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Biochemistry. 2011 Oct 11;50(40):8636-44. doi: 10.1021/bi2005174. Epub 2011 Sep 16.

Design, overexpression, and purification of polymerization-blocked yeast αβ-tubulin mutants.

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  • 1Department of Biochemistry, University of Texas Southwestern Medical Center, Dallas, Texas 75390, United States.

Abstract

Microtubule dynamics play essential roles in intracellular organization and cell division. They result from structural and biochemical properties of αβ-tubulin heterodimers and how these polymerizing subunits interact with themselves and with regulatory proteins. A broad understanding of the underlying mechanisms has been established, but fundamental questions remain unresolved. The lack of routine access to recombinant αβ-tubulin represents an obstacle to deeper insight into αβ-tubulin structure, biochemistry, and recognition. Indeed, the widespread reliance on animal brain αβ-tubulin means that very few in vitro studies have taken advantage of powerful and ordinarily routine techniques like site-directed mutagenesis. Here we report new methods for purifying wild-type or mutant yeast αβ-tubulin from inducibly overexpressing strains of Saccharomyces cerevisiae. Inducible overexpression is an improvement over existing approaches that rely on constitutive expression: it provides higher yields while also allowing otherwise lethal mutants to be purified. We also designed and purified polymerization-blocked αβ-tubulin mutants. These "blocked" forms of αβ-tubulin give a dominant lethal phenotype when expressed in cells; they cannot form microtubules in vitro and when present in mixtures inhibit the polymerization of wild-type αβ-tubulin. The effects of blocking mutations are very specific, because purified mutants exhibit normal hydrodynamic properties, bind GTP, and interact with a tubulin-binding domain. The ability to overexpress and purify wild-type αβ-tubulin, or mutants like the ones we report here, creates new opportunities for structural studies of αβ-tubulin and its complexes with regulatory proteins, and for biochemical and functional studies of microtubule dynamics and its regulation.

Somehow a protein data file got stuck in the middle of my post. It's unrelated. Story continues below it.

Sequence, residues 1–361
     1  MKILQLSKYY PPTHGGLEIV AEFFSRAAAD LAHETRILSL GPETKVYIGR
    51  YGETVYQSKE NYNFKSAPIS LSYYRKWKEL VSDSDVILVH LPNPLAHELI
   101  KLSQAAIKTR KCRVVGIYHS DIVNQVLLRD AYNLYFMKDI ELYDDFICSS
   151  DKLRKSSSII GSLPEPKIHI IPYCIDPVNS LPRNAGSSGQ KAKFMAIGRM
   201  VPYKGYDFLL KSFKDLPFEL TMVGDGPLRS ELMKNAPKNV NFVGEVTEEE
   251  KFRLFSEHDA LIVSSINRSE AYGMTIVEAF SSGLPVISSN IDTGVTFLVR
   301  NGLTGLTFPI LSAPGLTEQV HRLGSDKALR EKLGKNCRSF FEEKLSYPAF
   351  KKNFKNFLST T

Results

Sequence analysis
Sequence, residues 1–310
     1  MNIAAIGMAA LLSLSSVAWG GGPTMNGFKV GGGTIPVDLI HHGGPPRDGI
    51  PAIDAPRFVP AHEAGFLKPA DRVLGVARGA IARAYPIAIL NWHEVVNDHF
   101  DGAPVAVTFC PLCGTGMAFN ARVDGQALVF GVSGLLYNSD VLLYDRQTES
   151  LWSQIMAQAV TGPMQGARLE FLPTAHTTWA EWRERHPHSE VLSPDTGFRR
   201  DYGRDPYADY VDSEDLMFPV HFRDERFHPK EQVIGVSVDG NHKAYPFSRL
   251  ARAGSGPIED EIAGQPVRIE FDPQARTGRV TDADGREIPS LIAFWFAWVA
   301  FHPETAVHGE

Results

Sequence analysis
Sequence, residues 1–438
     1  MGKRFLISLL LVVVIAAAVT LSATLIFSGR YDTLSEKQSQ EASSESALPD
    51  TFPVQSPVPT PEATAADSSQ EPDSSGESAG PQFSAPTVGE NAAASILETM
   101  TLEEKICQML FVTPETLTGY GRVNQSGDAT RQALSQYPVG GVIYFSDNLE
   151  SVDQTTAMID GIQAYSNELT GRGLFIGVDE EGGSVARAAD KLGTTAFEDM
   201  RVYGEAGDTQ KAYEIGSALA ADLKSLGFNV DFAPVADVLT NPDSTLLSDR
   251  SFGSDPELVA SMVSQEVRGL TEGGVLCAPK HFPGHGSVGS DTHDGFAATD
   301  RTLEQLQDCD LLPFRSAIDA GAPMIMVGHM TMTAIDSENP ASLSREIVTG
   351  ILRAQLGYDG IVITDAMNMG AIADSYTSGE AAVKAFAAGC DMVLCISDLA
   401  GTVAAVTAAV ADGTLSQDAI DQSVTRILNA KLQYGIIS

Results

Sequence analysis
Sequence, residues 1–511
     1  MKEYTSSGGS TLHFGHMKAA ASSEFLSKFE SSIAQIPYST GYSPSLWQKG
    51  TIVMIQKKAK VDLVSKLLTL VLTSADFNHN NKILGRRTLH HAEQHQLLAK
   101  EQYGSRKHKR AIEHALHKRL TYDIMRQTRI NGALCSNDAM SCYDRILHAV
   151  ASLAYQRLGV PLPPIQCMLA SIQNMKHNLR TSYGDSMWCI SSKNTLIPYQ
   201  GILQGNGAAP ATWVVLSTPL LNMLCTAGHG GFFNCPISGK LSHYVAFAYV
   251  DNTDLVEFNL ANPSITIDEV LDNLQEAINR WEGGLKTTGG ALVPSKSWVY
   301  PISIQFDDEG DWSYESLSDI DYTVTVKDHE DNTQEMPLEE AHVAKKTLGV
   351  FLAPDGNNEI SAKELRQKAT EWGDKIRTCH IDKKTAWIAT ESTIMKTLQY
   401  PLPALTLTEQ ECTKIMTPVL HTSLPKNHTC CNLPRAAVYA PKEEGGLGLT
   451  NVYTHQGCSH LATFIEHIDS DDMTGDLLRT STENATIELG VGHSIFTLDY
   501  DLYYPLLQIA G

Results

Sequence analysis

PMID:
21888381
[PubMed - indexed for MEDLINE]
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